Through Songs I Was First Undone


Justin McRoberts is a musician and a christian. I first learned of him back in 1999 when he was on tour with Bebo Norman. I have followed him from a distance since then… always interested in what he was doing, buying a couple of the nine albums he’s released in that time, but not devoted like I am to some other artists. But when I first heard about his latest project, Through Songs I Was First Undone, I was intrigued.

I learned about it on twitter, when @justinmcroberts was first contemplating the song selection. What’s interesting about this album is that it is all cover songs, and, surprisingly, they are all what is called secular music. An odd move for a musician that, while independent, is certainly in the christian music world. Two names he tossed around were Toad the Wet Sprocket and Nine Inch Nails. Now, these two bands, at points in my personal history, have held the #1 slot on my favorite band list, and so my interest was officially piqued. When I got an email from the people promoting the album, informing me that they would like me to review his latest project, I jumped at the opportunity.

The point McRoberts is making is that God can and does use all sorts of means to accomplish His tasks. These songs, some written by unbelievers, can be used by the Holy Spirit to encourage, strengthen, shape, and mold us into the image of Christ. To rebuff us, and correct our misunderstandings of God Himself, or correct our misapplications of His Word. McRoberts has said that these songs have as much of God in them as do songs by overtly christian artists. I would add that, in many cases, they have more. He believes it is his duty to share and celebrate the presence of God in these pieces of art. You can read his thoughts on this record, the individual songs, and other topics on his blog, at

The album opens with a song called “Georgia Lee”, written by Tom Waits. I’d never heard this song before, and I confess I’m glad I heard McRoberts’ version before the original. Waits voice would not have kept me around to be undone by the song. It is about the unsolved death of a poor black girl in California in 1997. The song questions, as do all thinking Christians, how evil can occur in a world where our loving God is ruling. The song doesn’t provide an answer, implied or otherwise. We’re just left with the reality that evil does occur in this world.

The next song, The Rolling Stones’ “You Can’t Always Get What You Want”, comes as if in answer the lingering question of the first. The only way we can deal with The Problem of Evil is by acknowledging it, and trusting in God. We want an answer that is both easy understand and easy to accept, but it is not forthcoming. Instead, God gives us what we need… revelation through His Son.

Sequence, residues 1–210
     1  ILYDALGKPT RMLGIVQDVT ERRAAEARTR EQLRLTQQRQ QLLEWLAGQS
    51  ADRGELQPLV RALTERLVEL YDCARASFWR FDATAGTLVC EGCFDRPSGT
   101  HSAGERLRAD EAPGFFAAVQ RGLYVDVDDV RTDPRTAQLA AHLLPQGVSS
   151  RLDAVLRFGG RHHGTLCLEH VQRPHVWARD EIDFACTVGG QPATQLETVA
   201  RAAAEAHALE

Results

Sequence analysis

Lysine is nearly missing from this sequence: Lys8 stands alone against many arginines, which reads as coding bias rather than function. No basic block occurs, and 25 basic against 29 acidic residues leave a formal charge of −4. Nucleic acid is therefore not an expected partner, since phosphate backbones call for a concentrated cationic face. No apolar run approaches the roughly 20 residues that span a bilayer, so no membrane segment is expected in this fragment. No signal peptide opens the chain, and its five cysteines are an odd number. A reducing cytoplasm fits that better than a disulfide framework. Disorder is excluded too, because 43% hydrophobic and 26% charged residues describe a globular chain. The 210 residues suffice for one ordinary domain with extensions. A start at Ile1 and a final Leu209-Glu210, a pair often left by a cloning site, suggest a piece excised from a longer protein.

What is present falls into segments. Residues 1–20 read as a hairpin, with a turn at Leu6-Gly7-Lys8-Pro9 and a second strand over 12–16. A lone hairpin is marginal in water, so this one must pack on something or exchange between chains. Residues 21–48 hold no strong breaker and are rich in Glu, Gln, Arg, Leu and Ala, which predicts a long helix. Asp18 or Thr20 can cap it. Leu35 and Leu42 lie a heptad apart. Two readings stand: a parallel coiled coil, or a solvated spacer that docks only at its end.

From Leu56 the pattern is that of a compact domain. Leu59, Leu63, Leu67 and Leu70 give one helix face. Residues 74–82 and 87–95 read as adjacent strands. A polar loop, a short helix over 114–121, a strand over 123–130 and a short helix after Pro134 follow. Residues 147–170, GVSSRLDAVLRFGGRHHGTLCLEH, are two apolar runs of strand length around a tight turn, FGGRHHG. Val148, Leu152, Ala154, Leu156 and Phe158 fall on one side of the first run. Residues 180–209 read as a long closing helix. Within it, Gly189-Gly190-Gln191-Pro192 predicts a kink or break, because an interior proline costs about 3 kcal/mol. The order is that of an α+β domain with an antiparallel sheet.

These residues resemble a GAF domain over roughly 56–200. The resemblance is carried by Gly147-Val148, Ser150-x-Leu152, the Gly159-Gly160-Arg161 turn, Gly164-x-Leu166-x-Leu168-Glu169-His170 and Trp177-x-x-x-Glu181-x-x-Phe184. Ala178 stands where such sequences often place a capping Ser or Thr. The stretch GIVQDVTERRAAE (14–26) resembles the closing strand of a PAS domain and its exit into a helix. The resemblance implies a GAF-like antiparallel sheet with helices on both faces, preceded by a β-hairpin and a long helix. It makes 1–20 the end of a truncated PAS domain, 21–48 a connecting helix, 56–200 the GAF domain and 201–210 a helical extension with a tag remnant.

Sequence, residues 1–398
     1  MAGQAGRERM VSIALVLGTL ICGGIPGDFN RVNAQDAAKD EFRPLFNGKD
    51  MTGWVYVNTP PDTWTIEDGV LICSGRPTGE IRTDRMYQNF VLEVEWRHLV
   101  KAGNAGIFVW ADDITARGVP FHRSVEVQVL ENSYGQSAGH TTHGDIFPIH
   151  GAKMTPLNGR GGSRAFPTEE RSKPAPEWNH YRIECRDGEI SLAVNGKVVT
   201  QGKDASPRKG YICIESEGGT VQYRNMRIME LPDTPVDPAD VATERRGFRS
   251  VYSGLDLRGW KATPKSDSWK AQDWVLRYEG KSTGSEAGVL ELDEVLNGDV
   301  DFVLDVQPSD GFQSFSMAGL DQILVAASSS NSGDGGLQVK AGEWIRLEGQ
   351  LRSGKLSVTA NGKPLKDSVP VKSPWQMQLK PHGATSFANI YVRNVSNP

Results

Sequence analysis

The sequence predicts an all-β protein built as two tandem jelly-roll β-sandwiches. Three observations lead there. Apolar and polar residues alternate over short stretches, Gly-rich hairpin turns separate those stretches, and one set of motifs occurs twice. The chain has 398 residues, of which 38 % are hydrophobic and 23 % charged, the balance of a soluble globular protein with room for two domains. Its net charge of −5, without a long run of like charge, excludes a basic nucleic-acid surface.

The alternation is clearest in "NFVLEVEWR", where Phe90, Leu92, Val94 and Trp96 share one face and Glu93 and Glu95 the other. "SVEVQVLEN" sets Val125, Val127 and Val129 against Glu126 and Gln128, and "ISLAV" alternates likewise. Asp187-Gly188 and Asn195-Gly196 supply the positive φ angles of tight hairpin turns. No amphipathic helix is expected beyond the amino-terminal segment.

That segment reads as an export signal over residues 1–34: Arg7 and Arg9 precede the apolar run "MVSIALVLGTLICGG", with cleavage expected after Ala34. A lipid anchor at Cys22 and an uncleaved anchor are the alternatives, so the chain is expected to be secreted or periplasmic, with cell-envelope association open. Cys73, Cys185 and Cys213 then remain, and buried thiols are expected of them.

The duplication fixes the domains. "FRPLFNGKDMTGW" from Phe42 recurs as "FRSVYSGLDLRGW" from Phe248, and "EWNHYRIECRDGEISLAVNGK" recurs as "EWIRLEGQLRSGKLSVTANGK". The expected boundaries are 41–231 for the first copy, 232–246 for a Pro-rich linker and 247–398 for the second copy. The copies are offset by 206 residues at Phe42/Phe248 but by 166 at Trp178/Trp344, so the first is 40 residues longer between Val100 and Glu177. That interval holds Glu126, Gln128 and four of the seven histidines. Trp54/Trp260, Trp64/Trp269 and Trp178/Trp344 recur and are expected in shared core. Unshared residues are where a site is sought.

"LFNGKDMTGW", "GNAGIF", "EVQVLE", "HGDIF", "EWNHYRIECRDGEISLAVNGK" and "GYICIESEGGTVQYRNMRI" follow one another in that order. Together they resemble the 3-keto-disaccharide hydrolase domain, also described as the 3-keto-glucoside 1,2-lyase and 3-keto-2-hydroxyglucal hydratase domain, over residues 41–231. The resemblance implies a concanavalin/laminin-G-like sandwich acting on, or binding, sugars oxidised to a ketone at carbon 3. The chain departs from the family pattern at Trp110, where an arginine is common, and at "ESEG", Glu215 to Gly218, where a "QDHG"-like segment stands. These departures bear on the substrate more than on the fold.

“Save Me” by Aimee Mann is the third song, and is another that I had never heard before. And its a fun one, probably my favorite on the album. The cover of Toad the Wet Sprocket’s “Fly From Heaven” is, on the other hand, sitting at the bottom of the pile. This, I’m sure, is due to my sentimental connection to Toad, and can’t be held against Mr. McRoberts. I don’t think anyone else could play the song in a way that would please me. “Wildflowers” is a classic version, fairly true to the original. Next is “Head Like A Hole”, originally recorded by Nine Inch Nails. Before Johnny Cash’s amazing recording of “Hurt”, I don’t think any christian musician considered recording a NIN song. NIN is atheistic industrial rock. McRoberts definitely changes the feel of the song. When Trent Reznor sings “bow down before the one you serve/ you’re going to get what you deserve”, he clearly has a sarcastic, sardonic intent. However, when McRoberts sings this line, you get the feeling that it is a sincere statement. Serve God faithfully, and you will be rewarded.

When “No One To Blame” began, I thought it was a Boston song. I remain convinced someone copied the primary chord progression in the hook. This is followed by “Stripped”, a cover of a song by Depeche Mode. I love the sound of this recording. I can’t help but smile when I hear the various guitar (I think) sounds emulating the synthetic sounds DM originally used. This is followed by a short number called “Please, Please, Please Let Me Get What I Want”. I’m interested to read the reasons behind McRoberts choosing this song, as its just a bare bones request for something desired, without much if any detail or context. A good song, in any case, that I find I listen to twice before continuing on with my listening.

The last song on the record (and the longest incidentally) is a cover of George Michael’s “Freedom 90”. I confess to not being a George Michael fan, and not especially endeared to this song. However, it fits nicely on the record and, despite being unfavored by me, is not a skipper.

Sonically, the album situates itself into a mostly acoustic folk/rock genre. I enjoy that style of music, but I especially enjoy other elements that were brought in on some songs to mirror the recordings by the original artists. I recommend the album as one for easy listening and (when you’re in the mood) for not so easy listening.

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